There are certain third-party tools that help in the management of cloud costs and monitor optimum usage of cloud resources such as Cloudability, CloudCheckr and Cloudyn that help you monitor usage of cloud resources and highlights areas of concerns where resources may be underutilized and suggest changes.

Find the Right Cloud Partner

One of the most essential aspects of having a successful Hybrid Cloud solution is to find the right technology provider. A partner with proven experience in the field and offering custom solutions based on your business needs is what you should look for.

Some aspects that need to be discussed before the final selection include resource requirements, scalability, ease of data migration and integration, etc.

It is also important that your technology partner can help you safely navigate through the initial setup process and ensure that you do not overspend on functionalities that you may not necessarily need.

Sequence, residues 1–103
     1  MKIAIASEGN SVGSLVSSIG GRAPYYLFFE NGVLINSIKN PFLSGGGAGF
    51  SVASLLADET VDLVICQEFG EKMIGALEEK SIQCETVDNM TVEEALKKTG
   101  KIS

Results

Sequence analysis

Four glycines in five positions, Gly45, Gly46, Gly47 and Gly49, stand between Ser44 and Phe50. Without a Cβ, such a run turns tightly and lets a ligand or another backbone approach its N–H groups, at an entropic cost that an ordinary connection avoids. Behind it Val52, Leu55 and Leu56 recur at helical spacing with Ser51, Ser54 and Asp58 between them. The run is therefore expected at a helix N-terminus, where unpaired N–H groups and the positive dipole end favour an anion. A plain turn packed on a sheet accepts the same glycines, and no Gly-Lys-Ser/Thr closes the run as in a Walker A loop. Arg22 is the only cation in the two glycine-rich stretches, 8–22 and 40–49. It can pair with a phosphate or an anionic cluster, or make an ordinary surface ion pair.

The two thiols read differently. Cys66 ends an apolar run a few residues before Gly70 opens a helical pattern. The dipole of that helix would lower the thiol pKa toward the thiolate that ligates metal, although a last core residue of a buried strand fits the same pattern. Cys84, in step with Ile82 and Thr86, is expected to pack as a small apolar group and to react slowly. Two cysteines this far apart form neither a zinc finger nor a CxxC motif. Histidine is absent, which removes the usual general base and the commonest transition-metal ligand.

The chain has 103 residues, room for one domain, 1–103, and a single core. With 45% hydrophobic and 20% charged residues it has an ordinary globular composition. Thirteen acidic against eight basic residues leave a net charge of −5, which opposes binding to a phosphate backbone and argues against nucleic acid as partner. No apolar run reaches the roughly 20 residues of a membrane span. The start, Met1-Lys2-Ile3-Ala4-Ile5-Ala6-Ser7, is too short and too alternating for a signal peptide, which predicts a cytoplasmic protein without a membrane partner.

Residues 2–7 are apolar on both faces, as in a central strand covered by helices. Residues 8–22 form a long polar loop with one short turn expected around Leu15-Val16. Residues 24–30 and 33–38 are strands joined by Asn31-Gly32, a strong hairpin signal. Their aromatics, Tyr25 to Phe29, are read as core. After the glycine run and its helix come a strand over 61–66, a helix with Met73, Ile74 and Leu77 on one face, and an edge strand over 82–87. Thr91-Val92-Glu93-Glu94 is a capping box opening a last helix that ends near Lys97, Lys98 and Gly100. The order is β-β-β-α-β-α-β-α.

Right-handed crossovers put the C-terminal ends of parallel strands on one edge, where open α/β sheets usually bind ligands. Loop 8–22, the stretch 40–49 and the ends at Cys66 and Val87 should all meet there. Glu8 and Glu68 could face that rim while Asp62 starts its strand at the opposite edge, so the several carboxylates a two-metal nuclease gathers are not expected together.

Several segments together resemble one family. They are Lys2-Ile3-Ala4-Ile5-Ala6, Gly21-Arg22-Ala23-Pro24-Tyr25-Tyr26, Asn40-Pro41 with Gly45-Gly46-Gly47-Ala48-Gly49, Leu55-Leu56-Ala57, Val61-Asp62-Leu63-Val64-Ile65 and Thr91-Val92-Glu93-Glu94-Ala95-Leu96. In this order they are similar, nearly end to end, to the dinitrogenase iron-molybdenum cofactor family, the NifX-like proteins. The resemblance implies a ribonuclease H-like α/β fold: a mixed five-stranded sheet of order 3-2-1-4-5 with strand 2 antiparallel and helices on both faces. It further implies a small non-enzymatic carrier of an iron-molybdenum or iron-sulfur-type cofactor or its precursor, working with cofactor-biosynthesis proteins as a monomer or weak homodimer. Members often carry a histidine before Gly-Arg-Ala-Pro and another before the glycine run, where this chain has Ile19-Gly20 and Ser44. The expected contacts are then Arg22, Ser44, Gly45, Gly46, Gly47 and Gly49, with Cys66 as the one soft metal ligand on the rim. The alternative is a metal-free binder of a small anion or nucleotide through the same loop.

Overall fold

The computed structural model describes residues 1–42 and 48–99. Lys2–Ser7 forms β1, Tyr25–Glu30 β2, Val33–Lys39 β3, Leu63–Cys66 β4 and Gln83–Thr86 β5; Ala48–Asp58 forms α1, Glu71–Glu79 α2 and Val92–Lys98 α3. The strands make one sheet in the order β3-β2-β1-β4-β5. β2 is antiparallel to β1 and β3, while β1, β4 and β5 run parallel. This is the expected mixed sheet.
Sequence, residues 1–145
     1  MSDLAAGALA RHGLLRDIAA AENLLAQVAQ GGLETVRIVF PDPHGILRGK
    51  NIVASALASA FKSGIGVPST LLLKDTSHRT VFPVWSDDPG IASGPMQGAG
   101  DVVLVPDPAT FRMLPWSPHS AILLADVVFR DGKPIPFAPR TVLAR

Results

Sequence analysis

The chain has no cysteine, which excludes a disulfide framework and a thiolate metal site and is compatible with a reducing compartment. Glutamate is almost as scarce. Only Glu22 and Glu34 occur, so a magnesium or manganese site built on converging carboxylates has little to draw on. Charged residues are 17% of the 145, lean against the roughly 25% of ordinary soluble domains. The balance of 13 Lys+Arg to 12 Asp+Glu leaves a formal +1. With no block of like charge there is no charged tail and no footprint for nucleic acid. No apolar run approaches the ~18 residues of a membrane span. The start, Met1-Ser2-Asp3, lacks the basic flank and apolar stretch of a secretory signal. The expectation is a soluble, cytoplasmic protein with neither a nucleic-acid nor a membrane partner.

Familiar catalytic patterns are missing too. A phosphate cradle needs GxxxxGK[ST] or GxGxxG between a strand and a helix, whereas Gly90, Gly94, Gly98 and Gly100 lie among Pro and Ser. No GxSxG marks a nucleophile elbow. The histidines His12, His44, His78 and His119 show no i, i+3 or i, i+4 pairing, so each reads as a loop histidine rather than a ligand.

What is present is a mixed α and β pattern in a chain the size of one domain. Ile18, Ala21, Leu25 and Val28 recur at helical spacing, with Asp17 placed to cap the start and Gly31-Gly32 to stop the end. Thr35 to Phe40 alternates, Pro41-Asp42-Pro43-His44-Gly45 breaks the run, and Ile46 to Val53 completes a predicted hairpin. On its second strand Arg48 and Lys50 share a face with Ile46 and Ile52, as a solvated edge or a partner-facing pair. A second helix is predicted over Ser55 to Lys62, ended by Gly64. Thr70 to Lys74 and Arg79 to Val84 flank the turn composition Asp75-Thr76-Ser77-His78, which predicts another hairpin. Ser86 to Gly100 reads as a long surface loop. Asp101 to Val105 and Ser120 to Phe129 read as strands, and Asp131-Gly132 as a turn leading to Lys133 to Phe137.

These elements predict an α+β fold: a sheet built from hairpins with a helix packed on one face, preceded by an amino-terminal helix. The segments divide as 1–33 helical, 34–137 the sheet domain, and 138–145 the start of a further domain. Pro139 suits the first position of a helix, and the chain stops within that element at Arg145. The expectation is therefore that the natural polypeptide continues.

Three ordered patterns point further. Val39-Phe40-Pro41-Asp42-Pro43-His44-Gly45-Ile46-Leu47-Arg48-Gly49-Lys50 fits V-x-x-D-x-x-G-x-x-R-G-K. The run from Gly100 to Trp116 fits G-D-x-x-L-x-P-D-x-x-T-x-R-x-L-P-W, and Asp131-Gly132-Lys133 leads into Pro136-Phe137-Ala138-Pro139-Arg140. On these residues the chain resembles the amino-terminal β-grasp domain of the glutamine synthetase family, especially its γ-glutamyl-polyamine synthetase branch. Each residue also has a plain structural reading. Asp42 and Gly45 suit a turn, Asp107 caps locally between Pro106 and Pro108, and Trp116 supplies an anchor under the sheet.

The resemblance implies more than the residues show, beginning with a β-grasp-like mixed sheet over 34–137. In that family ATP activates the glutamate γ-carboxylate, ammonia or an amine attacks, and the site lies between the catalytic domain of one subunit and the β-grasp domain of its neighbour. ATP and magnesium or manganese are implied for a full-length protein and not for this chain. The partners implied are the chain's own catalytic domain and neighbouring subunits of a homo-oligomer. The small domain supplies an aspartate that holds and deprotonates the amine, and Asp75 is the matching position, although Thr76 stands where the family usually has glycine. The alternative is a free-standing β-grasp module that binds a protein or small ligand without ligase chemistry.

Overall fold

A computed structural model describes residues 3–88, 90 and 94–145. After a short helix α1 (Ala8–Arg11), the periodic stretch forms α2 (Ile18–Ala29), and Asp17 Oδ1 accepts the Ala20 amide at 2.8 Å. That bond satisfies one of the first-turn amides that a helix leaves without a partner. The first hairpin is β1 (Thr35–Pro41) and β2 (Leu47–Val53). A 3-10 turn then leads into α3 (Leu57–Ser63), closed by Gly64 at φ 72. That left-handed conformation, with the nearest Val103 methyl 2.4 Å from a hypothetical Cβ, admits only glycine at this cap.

A good way to start is by requesting customer references from companies in your field and who are planning or already delivering what you have in mind.

Summary

To conclude, in cases where the business does not have a lot of sensitive or confidential data and information to be stored in the cloud, then a Public Cloud could prove to be a much better option.  Similarly, a business that deals only with confidential or sensitive data, a Private Cloud would be the best choice.

A Hybrid Cloud infrastructure is best suited for companies that need both the scalability as well as the flexibility of a Public Cloud along with the better architectural control offered by the Private Cloud.

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About the Author

Limor Wainstein 

Limor is a technical writer and editor at Agile SEO, a boutique digital marketing agency focused on technology and SaaS markets. She has over 10 years' experience writing technical articles and documentation for various audiences, including technical on-site content, software documentation, and dev guides. She specializes in big data analytics, computer/network security, middleware, software development and APIs.

Published Tuesday, June 05, 2018 8:52 AM by David Marshall
Comments
Preparing for the Hybrid Cloud: A Checklist - Brad Dickinson - (Author's Link) - June 5, 2018 3:08 PM